3. According to Radio Free Asia, 19 North Korean defectors will
stand trial in Myanmar as early as today on charges of illegally
entering the country. They were arrested while en route to the ROK
from China earlier this month. (Chosun)

4. Adm. Mike Mullen, Chairman of the U.S. Joint Chiefs of Staff,
told reporters in Kabul, Afghanistan on Dec. 20 (local time) that
between 20,000 and 30,000 additional U.S. troops could be sent to
Afghanistan to bolster the 31,000 already there. (JoongAng, Hankook,
Hankyoreh, Segye, Seoul, MBC) This development seems likely to lead
to increased U.S. calls for Seoul to send troops to the war-torn
country. (JoongAng, MBC)

5. The U.S. is reportedly conducting "war-gaming simulations" in the
event of an emergency in North Korea. (Dong-a)


Media Analysis

North Korea
Conservative Chosun Ilbo and SBS, a private broadcasting network,
replayed a Voice of America (VOA) report quoting Secretary of State
Condoleezza Rice as allegedly saying during a Dec. 19 (local time)
speech at the Council on Foreign Relations (CFR): "No one trusts the
North Koreans. You'd have to be an idiot to trust the North
Koreans. That's why we have a verification protocol that we are
negotiating."

Conservative Chosun Ilbo reported on its front page, quoting a
senior ROKG official, that Seoul is seeking behind-the-scenes
dialogue with North Korea through various channels. Chosun went on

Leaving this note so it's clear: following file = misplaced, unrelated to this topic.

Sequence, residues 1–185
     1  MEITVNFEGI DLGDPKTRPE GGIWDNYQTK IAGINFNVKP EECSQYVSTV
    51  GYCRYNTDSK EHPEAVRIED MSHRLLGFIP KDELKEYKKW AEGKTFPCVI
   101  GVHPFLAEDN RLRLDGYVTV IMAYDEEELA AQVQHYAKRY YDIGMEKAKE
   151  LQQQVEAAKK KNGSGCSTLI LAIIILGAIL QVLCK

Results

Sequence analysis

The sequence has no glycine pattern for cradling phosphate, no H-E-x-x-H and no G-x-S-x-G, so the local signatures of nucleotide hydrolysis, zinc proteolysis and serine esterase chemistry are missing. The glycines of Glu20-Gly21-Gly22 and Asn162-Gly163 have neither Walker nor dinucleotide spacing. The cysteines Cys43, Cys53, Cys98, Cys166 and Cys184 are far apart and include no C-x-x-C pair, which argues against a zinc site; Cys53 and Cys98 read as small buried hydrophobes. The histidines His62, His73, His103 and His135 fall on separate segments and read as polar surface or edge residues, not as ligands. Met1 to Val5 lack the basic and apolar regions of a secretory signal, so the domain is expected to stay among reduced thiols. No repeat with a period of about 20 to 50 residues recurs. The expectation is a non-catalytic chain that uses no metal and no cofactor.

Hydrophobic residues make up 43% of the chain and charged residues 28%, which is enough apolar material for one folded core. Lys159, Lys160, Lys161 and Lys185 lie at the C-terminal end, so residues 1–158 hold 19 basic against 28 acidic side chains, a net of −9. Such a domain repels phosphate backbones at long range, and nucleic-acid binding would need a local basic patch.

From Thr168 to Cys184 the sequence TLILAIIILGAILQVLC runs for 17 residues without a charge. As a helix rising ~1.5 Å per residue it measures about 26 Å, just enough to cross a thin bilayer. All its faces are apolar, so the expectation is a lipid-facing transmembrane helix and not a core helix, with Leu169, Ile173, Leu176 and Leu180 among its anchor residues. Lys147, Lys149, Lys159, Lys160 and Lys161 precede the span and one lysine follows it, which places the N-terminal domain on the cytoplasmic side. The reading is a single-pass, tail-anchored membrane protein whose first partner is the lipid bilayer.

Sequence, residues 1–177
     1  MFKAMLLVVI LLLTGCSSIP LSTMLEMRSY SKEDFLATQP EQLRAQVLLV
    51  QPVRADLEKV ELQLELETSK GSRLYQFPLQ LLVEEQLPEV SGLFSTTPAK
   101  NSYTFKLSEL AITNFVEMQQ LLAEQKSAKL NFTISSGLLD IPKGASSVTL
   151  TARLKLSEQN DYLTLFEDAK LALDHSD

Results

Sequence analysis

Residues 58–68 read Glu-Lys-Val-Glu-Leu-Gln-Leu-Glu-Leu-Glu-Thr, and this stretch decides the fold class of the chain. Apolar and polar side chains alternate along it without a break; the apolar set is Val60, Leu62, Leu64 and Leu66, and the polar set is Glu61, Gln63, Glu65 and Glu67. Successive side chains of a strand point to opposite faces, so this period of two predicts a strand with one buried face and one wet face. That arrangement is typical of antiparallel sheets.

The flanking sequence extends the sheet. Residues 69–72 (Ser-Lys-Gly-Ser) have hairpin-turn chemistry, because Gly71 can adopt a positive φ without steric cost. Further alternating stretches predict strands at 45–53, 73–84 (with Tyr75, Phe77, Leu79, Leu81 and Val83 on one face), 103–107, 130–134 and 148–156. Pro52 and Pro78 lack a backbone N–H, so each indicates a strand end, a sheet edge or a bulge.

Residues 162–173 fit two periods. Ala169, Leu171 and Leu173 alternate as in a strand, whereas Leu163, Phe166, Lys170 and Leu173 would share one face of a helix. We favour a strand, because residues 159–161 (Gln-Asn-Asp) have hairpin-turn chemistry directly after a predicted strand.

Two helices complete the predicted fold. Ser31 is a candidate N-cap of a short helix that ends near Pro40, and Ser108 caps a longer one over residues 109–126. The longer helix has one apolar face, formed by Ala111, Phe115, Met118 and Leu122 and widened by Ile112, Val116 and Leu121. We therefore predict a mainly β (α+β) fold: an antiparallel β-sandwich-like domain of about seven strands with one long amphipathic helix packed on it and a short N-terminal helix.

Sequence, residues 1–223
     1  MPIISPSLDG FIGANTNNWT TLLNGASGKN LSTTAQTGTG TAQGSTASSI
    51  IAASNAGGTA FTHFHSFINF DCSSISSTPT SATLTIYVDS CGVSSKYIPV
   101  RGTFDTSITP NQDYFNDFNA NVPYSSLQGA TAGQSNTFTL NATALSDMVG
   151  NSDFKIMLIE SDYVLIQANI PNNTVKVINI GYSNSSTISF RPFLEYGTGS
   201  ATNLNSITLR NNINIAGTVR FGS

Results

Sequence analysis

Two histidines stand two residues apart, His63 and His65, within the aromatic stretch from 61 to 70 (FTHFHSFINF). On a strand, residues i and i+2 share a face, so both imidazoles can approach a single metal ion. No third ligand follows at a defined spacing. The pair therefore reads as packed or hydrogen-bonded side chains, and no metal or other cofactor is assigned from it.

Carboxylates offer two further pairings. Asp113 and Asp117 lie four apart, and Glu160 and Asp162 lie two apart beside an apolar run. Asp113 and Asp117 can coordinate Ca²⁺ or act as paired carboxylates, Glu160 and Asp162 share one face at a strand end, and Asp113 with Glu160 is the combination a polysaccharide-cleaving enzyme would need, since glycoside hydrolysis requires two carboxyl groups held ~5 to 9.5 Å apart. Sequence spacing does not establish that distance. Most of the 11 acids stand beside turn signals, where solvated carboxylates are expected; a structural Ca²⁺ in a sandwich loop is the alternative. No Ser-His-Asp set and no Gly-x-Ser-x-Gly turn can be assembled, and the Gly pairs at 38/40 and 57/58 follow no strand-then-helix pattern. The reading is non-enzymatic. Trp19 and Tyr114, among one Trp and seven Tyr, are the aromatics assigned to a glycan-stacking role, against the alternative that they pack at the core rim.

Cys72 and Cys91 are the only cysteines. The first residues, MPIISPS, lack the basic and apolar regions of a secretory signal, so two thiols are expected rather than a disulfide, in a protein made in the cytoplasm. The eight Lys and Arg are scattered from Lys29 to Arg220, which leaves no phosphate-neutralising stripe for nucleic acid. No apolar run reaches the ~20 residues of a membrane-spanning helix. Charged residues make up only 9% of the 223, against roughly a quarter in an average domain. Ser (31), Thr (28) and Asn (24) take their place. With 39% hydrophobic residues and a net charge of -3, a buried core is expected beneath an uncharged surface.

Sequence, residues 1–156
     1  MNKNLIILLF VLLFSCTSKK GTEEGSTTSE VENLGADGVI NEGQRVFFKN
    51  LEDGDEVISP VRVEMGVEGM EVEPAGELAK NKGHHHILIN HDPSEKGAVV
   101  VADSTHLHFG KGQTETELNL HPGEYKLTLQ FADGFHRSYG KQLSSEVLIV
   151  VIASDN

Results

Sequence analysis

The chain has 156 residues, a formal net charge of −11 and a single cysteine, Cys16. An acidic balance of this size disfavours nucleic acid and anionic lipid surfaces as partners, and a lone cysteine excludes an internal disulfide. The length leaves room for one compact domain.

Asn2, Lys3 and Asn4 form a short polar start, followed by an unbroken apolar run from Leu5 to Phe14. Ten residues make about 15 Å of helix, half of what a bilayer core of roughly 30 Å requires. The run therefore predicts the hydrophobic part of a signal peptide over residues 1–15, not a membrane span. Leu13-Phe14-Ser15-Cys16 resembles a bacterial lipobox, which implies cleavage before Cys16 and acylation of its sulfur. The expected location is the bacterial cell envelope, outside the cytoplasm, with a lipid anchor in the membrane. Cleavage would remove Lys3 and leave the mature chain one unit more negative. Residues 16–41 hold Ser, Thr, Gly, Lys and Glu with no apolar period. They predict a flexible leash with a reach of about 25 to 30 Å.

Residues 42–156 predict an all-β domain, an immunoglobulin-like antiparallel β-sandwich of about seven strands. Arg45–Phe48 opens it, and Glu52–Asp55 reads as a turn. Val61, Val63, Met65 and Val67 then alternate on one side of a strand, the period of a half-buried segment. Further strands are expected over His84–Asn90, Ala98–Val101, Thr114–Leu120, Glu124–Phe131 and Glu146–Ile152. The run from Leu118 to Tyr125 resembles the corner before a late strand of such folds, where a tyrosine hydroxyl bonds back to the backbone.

to say that Seoul has told the U.S., Japan and China that it hopes a
change will happen in relations with the North in the spring.
Chosun quoted the ROKG official again, noting that: "North Korea
doesn't always maintain a hard-line stance on the ROK. We've been
told through various channels that the North's position has become
more flexible."

Afghanistan

Most of the ROK media reported on press remarks by Adm. Mike Mullen,
Chairman of the U.S. Joint Chiefs of Staff, in Kabul, Afghanistan on
Dec. 20 (local time) that between 20,000 and 30,000 additional U.S.
troops could be sent to Afghanistan to bolster the 31,000 already
there. Right-of-center JoongAng Ilbo and MBC, a public broadcaster,
viewed this development as likely to lead to increased U.S. calls
for Seoul to send troops to the war-torn country.

In a related development, left-leaning Hankyoreh Shinmun
editorialized on Saturday (Dec. 20): "The U.S. invaded Iraq without
any legal or procedural justification, and the ROK's Zaytun unit was
dispatched to the Iraq war in this context. This was a fatal
mistake which debased the quality of our alliance with the U.S. and
considerably undermined the identity of our foreign policy under the
name of the ROK-U.S. alliance. The U.S. is reportedly asking for